Dong has met Prime Minister Hun Sen numerous times since 2014 (see, for instance, here, here, and here). At a meeting in 2017, the Prime Minister encouraged Jingcheng to invest in Cambodia. Again, Ly Yong Phat was present on that occasion. In 2018, Dong was invited to the Prime Minister’s house to meet him and his wife. In 2019, Chea Sophara (Minister for Land Management) and Hun Mana (Hun Sen’s daughter) led a delegation to meet Dong in Ruili. Also present were Dy Vichea (Hun Mana’s husband, Deputy Chief of Police, and head of the General Department of Internal Security), Chea Sophamden (daughter of Chea Sophara), Yim Leang (husband of Chea Sophamaden, son of Deputy Prime Minister Yim Chhay Ly, brother-in-law of Hun Sen’s son, Hun Many), Meas Sophearoth (an army general and son of General Meas Sophea), and the vice president of Cambodia’s powerful Canadia Bank. Also present on this trip were the brothers Rithy Raksmei and Rithy Samnang.
In 2018, Dong Lecheng personally sponsored a private Boeing 878 business jet for Prime Minister Hun Sen’s trip to a UN General Assembly meeting. Hun Sen sent a personal thank-you letter to Dong. According to one news report, the rental cost for this plane is around US$70,000 per hour.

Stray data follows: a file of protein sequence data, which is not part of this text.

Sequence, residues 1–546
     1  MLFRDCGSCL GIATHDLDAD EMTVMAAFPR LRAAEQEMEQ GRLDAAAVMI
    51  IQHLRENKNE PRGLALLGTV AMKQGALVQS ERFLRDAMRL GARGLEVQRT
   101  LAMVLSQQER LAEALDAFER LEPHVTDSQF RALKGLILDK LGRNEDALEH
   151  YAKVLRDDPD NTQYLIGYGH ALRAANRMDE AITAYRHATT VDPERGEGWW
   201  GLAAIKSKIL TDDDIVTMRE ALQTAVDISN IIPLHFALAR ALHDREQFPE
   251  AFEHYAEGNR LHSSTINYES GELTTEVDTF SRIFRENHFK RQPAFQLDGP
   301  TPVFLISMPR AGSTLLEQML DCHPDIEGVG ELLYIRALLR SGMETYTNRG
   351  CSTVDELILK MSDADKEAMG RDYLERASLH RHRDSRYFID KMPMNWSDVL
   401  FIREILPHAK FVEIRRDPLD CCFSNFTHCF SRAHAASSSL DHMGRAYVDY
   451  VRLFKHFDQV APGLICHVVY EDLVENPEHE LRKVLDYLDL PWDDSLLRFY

The Ministry of Commerce database links Dong to seven companies in Cambodia, including a local subsidiary of Yunnan Jingcheng, JC International Airlines, Cambodian Sihanoukville Entertainment, and Golden Sun Sky Entertainment. His son is a director at Ruili Bank Cambodia as well as at a Jingcheng road and bridge construction company.
The Golden Sun Sky Complex
Dong Lecheng’s signature project in Cambodia is a major hotel and casino development in the Otres beach area of Sihanoukville. This is centred around a massive hotel and entertainment building, flanked by numerous apartment blocks, including Jinshui. While the central casino building has stalled and is not yet open, several surrounding buildings were widely reported to be online scam and gambling complexes.
The broader development is referred to by several names in different reports, including Golden Sun Sky, Haoli Tourism Complex (昊利旅游综合体), the Jingcheng Tourism Complex (景成旅游综合体项目), and Cheerful Bay (悦海湾). In 2018, Yunnan Jingcheng described the complex as the largest tourism real estate project in Sihanoukville, covering 23.7 hectares. The company that is the public face of the development is Golden Sun Sky Entertainment Co., Ltd. which was established by Dong Lecheng in 2017. In Chinese the company is called Haoli Entertainment Co., Ltd. (昊利娱乐有限公司). Although he stood down as chairman in July 2018, he remained closely linked to the company (as discussed below, later the same year he personally signed a deal between Golden Sun Sky and the Macau company Suncity). The central hotel and casino building is known as the Harbour Hotel, or Haigang Hotel in Chinese (海港大酒店). Golden Sun Sky Entertainment received a new casino license from Cambodia’s gaming commission in August 2022.
Jinshui Phases 1, 2, and 3